Oh Carrie, your son is NOT standing still. He is just on a different timeline. I had to learn not to look at everything through my neurotypical filter. It did not happen over night. My child has come a long way. Jack seems to have come a long way! He speaks, bakes, he makes cheeseburgers, he makes playlists, tells jokes, and probably so much more. Try the new school, and if the hitting and what not continues (yup, my kiddo does that, too, when she is overwhelmed), then maybe, just maybe, it is not the right placement for him. Hitting is usually a sign of extreme stress. Please know that in public school, through the McKay scholarship, your son has the right to transfer to any public or private school of your choice. If he spent Oct. through Feb. of the previous school year in public school, then you should be able to transfer him wherever you want. Maybe he needs a public school that is considered an autism cluster school (lots of experience and other kiddos just like him and to whom he may be able to relate).

    We all want the best for our children. It just requires lots of detective work to figure out what that may be. It probably won’t be the trajectory that we expect when view the world through our neurotypical filters. However, with time, if we keep trying to imagine the world from our children’s perspectives, we will figure out what makes them happy, and then, I am sure, we all will move heaven and earth to make that happen.

    Here is a link that helped me put things into perspective in terms of developmental trajectory of an individual on the spectrum. Our children are developing, and they will get to where they need to be on their very own timeline.

    http://yesthattoo.blogspot.com/2016/03/autistic-development-its-thing.html?m=1

    Reply

  6. Susie
    June 7, 2016 @ 12:02 am

    Unbelievably spot on…. You are such a support and I am so grateful for you and all you share…

    Reply

  7. J Anderson (Grandmother)
    June 7, 2016 @ 12:42 pm

    Once again I share your pain and confusion on Jack’s future. My daughter whose son will be a senior next year has all those decisions to face regarding staying in school in the life skills program until he is 21 or graduate with his class. She will spend her summer with other Mothers facing the same problem. A program in her town to meet once or twice a month will try to fill in the blanks as to what takes place if she lets him graduate with his class (and he wants to).It must be so hard for all these children to try to understand both what lies ahead for them and why can’t they be like the other kids. Everyday my heart goes out to you and all the wonderful ways in which you have dealt with bringing Jack to where he is today. Please enjoy your summer and may God continue to give you all you need to move on through the next hurdle.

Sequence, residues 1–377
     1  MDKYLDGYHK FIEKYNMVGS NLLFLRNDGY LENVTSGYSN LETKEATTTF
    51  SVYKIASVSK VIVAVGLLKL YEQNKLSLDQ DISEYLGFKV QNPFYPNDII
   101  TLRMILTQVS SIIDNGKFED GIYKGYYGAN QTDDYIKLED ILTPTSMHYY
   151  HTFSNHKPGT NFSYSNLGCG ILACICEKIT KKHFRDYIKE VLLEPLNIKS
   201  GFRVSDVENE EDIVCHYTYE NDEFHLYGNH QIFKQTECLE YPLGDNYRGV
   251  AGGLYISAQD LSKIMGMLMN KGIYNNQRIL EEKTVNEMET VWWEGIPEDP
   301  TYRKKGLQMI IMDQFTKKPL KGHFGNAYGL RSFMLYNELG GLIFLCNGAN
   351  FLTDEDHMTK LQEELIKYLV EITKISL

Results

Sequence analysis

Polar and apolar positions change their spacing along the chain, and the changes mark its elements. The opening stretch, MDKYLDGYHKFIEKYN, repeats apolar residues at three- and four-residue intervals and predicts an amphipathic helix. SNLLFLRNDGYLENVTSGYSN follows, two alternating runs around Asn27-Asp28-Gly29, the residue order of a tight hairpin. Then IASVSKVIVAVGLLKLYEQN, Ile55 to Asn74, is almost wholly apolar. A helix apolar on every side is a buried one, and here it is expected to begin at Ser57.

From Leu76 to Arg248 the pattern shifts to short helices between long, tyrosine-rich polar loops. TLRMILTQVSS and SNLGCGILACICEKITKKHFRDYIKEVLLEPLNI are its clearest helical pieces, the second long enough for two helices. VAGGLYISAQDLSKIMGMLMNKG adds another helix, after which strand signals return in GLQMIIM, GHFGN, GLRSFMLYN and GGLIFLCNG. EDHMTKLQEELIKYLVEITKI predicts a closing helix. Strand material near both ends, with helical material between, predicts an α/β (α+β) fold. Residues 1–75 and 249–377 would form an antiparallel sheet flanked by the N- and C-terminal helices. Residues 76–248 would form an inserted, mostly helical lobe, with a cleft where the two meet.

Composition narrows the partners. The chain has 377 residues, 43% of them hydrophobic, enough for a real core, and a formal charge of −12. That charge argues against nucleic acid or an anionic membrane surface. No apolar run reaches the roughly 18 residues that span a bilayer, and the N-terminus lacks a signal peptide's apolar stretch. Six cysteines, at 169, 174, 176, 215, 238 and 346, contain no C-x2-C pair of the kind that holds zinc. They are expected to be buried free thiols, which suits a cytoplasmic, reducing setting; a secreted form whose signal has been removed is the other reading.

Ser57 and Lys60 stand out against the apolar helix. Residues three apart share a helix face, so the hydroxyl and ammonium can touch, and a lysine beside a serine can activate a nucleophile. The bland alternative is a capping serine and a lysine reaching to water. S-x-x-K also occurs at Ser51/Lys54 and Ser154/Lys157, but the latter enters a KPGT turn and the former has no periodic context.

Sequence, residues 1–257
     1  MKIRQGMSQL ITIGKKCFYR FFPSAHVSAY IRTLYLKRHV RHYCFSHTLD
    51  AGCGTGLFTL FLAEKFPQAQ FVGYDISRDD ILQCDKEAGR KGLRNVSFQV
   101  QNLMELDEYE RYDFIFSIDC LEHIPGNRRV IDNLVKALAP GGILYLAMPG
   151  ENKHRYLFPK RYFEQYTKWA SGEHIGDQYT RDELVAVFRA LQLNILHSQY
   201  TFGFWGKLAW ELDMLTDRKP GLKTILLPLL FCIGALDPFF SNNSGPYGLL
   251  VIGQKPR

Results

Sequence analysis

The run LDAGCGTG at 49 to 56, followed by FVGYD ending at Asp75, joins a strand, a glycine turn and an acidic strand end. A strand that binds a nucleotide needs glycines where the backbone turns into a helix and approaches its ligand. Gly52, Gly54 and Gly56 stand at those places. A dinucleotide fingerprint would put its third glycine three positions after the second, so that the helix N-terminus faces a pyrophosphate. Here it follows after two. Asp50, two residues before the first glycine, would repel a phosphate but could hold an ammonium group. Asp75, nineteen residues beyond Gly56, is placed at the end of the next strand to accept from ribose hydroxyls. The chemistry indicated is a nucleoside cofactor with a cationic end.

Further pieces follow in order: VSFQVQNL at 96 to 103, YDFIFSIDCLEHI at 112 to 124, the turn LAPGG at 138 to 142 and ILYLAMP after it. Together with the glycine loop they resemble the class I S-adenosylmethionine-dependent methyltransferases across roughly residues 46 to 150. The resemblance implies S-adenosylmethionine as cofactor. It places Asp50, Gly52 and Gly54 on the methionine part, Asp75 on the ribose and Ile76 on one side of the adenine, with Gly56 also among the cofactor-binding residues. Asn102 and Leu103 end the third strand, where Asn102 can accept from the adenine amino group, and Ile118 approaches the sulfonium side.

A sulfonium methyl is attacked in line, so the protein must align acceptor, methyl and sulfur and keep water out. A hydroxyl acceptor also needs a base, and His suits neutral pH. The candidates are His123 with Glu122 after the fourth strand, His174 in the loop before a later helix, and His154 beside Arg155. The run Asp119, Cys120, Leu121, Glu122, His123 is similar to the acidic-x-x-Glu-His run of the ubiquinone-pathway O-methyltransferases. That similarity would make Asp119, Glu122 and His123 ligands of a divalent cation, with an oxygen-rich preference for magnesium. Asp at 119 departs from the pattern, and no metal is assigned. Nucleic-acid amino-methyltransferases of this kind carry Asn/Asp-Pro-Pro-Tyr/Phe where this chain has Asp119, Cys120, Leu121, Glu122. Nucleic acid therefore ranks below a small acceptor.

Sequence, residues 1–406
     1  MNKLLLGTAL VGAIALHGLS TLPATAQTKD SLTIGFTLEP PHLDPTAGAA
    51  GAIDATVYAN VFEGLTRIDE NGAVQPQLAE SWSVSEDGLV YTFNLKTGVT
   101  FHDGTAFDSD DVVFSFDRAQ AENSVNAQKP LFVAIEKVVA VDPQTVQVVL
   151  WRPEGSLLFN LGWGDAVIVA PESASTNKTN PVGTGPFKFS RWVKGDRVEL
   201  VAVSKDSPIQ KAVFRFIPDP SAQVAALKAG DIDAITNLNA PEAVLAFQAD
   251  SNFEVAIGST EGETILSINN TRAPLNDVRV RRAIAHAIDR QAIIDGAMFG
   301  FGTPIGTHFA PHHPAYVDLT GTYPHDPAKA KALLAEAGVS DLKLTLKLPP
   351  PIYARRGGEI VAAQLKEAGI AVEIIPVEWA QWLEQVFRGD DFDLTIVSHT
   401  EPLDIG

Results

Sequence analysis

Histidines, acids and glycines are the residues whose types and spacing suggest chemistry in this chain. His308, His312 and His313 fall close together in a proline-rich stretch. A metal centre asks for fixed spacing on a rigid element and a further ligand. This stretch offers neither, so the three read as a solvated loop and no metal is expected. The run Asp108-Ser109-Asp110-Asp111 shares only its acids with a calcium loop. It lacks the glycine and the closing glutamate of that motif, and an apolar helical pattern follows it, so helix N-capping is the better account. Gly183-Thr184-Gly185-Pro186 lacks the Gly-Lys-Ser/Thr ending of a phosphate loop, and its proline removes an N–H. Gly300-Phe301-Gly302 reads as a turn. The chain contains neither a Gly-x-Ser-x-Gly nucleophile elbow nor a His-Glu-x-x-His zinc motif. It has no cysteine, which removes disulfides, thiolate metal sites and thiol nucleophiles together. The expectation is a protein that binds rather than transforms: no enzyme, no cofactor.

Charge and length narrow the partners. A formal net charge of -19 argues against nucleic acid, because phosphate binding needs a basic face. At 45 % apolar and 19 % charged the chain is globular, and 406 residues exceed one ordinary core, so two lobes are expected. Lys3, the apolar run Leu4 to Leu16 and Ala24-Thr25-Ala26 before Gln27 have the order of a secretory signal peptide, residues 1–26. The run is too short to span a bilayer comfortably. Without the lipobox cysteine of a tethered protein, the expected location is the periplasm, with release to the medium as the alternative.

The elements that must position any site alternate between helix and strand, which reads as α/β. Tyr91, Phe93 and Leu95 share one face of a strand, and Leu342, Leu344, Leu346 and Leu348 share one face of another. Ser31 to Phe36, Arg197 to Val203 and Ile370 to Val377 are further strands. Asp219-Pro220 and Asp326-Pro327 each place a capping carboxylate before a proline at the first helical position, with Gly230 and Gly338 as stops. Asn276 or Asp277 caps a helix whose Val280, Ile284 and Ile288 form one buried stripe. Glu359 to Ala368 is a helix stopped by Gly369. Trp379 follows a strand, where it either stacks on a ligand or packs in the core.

God Bless.

    Reply

  8. adoberoseblog
    June 7, 2016 @ 3:17 pm

    Hi Carrie, I am proud of you and for you. I look forward to finding your blog in my email even though it brings back so many hard moments in our family’s life. You bless me with your humor and dignity in the world of different-ness. Our son, now 43 years old, was diagnosed schizophrenic after the army. BUT in the middle of his breakdown and eventual diagnosis, I kept remembering “things” that been wrong for him all through his life.

    Searching the web I realized (oh, so late) that my wonderful, confused, and lost son had always been Autistic on the Aspergers side of the spectrum. Drs would tell me he was a normal kid just going through normal boy issues he’d outgrow. He drooled till he was 6 but again I was told “when he gets in school and the kids tease him, he’ll be embarrassed and stop. He’s just lazy and doesn’t care”. !!!!! And so on and so on…I didn’t know there was SOMEONE out there who had better answers and it kills me to know how much he suffered. Help really was there, special, designed just for HIM, and us too! Too late.

    I began writing late at night when everyone was out for the count and MY mind just hovered, circled, and twisted about trying to make sense of my life. In re-reading my ramblings, I’d find myself smiling at the discovery that I really did have a sense of humor about our lonely lives of fear. Not that I could react with humor in the middle of daily situations, but in hindsight (even by just a day or a week). Writing taught me to laugh, it took so much pressure and just released it sometimes like a crazy balloon in flight!

    “Other” people ceased to be so scary, not even the monster hovering judges I perceived them to be. They were just ignorant. THEY needed teaching. The sting was gone.

    I want you to know Carrie that you are on the right track. I hope other Moms find you early in their walk with loving someone so “different” and yet so wonderful. If I could give any advice I’d say, “Let yourself laugh again. It’s OK”. In my brother’s words: “If I can’t laugh I have to cry. I’m tired of crying”.

    God bless you, your wonderful son, your family, and your readers! May the answers you need always only be a moment away. May you never feel alone.

    Reply